Clearing the fog: virtually verifying autonomous perception systems

LinkedIn +

One obstacle to launching a fully autonomous car is achieving a high level of confidence in image analysis from the cars’ sensors. This is especially challenging in foggy conditions, which can confuse visual cameras, lidar and other conventional sensor technologies.

Thermal imaging represents a potential solution, helping sensors get a much more defined view via infrared technology. But how can automotive developers, using thermal imaging – and other sensor systems – accurately assess their products’ performance in fog?

Fog modeling provides a clear view

To answer that question, Ansys collaborated with FLIR Systems, a specialist in thermal imaging, to evaluate the fog modeling capabilities of our Ansys SPEOS solution. The tests verified that fog modeling via SPEOS predicts and matches the physical fog tests that FLIR produced in the lab.

Engineers created a fog model that virtually replicates the effects of fog in a real-world setting. By obtaining a static view of a physical scenario under foggy conditions, engineers developing ADAS and AV systems can use Ansys SPEOS to simulate not only a physics-based thermal camera but also that camera combined with other sensors such as visible cameras.

Correlating the new fog model

In the first phase of the study, a simulation scene was defined to recreate the FLIR laboratory setup that was based on physical testing of its Boson thermal camera at Sandia National Laboratories, using a closed system for artificial fog generation.1 This setup included two targets – a black one and a white one – at different distances with different temperatures, placed in front of the camera. The targets had been characterized following FLIR’s specifications for optical properties, temperature, size and position.

The next step was to recreate the FLIR Boson camera model using SPEOS’s camera sensor simulation capabilities. Finally, the SPEOS fog model was created based on the information provided by FLIR about the fog generated during physical testing in the lab. The engineering team performed the simulation with fog and without fog, then adapted the density in the fog model to achieve the same results (50%) as the real results obtained by FLIR.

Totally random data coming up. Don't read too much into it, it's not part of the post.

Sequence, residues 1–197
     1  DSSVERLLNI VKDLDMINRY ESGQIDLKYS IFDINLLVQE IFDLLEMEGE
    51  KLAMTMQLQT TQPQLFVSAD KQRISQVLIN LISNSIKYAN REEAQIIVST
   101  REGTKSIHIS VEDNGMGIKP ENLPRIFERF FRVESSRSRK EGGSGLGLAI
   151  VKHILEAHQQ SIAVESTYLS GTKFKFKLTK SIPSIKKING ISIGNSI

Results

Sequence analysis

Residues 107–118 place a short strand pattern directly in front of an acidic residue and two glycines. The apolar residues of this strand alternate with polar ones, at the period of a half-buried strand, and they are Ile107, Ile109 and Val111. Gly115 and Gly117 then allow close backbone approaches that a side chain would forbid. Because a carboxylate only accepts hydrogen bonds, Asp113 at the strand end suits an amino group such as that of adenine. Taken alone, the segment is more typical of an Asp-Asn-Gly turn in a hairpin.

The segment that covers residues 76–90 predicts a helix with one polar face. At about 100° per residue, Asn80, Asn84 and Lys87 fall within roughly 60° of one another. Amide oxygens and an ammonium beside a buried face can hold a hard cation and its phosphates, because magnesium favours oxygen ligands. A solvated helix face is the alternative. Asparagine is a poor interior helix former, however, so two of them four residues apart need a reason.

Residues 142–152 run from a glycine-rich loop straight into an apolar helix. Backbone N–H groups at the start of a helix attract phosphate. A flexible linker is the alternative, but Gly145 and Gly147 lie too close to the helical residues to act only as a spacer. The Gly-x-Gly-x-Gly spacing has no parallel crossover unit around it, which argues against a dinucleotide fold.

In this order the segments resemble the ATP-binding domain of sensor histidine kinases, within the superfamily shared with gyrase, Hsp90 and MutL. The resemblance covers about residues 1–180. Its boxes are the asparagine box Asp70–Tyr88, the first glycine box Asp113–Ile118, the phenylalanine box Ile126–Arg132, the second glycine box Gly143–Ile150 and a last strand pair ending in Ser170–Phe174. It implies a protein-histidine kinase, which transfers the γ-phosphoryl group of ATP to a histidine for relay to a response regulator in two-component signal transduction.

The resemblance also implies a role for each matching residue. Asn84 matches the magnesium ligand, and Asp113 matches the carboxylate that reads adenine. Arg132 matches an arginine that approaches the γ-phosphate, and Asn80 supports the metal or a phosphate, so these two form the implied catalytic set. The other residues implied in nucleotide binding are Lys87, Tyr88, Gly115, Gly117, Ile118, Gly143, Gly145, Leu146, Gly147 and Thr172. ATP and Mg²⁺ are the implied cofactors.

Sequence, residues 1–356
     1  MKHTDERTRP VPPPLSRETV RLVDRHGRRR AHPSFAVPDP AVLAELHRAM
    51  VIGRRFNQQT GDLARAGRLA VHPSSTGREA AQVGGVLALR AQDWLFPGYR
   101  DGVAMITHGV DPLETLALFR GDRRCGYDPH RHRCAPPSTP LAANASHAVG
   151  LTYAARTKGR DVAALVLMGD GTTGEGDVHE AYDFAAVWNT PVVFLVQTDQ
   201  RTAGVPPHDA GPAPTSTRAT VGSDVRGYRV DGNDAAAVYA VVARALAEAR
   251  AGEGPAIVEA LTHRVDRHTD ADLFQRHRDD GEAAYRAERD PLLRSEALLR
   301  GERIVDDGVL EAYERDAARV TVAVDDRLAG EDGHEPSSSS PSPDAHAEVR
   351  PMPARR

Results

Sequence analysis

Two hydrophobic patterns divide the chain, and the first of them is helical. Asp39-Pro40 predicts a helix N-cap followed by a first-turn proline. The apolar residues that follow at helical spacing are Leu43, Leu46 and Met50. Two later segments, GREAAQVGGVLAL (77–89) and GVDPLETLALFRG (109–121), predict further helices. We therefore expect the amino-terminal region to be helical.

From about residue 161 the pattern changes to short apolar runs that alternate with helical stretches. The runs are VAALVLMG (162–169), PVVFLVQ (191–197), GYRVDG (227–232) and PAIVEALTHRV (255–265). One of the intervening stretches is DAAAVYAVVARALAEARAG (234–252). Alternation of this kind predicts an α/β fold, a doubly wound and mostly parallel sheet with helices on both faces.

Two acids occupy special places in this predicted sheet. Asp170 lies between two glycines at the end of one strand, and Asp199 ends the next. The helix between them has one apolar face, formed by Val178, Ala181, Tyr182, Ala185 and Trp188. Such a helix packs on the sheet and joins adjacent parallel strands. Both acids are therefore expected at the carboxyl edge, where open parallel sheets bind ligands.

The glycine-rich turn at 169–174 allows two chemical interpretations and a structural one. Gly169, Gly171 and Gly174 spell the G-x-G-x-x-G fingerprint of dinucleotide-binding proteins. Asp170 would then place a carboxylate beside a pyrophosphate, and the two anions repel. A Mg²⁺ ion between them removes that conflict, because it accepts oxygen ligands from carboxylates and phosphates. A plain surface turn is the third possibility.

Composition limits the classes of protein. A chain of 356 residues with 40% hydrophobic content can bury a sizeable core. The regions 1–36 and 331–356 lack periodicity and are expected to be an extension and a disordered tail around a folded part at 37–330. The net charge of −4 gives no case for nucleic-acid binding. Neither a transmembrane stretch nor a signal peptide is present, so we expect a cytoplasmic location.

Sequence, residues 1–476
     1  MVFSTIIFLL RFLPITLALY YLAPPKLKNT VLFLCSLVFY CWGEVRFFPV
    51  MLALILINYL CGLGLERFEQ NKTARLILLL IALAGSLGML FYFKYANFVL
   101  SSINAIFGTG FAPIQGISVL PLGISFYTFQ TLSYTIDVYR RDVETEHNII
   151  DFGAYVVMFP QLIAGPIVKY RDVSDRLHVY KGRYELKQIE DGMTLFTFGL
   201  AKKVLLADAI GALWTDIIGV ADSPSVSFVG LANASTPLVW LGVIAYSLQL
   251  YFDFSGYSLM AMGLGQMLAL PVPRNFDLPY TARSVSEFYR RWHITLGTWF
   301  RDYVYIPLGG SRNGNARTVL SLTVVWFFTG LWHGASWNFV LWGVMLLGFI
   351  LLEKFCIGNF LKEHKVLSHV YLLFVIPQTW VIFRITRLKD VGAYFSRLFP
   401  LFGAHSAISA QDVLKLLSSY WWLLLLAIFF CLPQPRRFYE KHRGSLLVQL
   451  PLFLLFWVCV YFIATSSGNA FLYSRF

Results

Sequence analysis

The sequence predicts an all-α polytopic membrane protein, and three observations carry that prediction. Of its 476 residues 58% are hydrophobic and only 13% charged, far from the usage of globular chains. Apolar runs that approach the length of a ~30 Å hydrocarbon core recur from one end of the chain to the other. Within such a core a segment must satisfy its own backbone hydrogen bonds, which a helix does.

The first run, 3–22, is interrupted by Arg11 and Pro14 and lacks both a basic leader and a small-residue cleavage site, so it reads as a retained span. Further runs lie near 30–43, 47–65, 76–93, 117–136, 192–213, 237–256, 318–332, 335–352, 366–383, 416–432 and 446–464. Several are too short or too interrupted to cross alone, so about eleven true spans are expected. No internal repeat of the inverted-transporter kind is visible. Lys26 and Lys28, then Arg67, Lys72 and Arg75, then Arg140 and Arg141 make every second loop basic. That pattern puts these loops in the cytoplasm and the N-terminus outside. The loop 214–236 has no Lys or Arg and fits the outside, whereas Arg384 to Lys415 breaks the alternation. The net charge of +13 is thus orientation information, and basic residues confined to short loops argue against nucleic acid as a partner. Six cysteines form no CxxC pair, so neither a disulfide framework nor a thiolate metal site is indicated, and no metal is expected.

Comparing the number of particles propagated in the laboratory by FLIR and the number of particles propagated in the simulation resulted in two close curves (see graph below). The 20% difference might be explained by the fact that FLIR used salt water in its lab tests and Ansys performed the simulation with only water particles. Further investigation is needed to completely confirm the results.

Verifying the simulation

In phase two, a real-world driving environment scene was recreated in SPEOS. The key inputs in assessing the efficiency of thermal imaging in fog are the optical properties of the object and the temperature of the object. Based on these inputs, SPEOS software calculated the light emission from the object in the far infrared range. All objects emit light energy; humans and animals will typically be some of the hottest objects in a scene, therefore infrared is an ideal sensor to include in an automotive safety system.

Measured optical properties were applied to all the components of the Ansys SPEOS virtual driving scenario, including infrastructure components, a pedestrian and a car made of different materials. Each of these objects also had a temperature value associated with it.

In the final step, the thermal camera model produced in phase one was recreated and positioned on the roof of a virtual vehicle. Realistic simulations were performed using the virtual driving scene, camera details and weather conditions with the introduction of the SPEOS fog model.

The results shown in the figure below indicate a vast improvement in perception when a thermal camera is used in foggy conditions, compared with a visible (RGB) camera.

The difference is clear: simulated thermal imaging capabilities make it far easier for sensors to ‘see’ a far-away pedestrian in medium or dense fog – in view of triggering an appropriate response from the autonomous vehicle’s steering and braking systems.

“Optimizing algorithm behaviors and overall system performance is especially challenging for environments such as foggy conditions, because collecting data and performing tests is completely reliant on actually having foggy weather,” according to Chris Posch, FLIR’s engineering director for automotive. “Because the Ansys SPEOS Fog model simulation so closely matches the results of our physical lab tests, FLIR and other developers can more reliably test and tune their systems using simulation. The results of this work will help us improve our own systems and share those benefits with the world’s auto makers and OEMs.”

Share this story:

Comments are closed.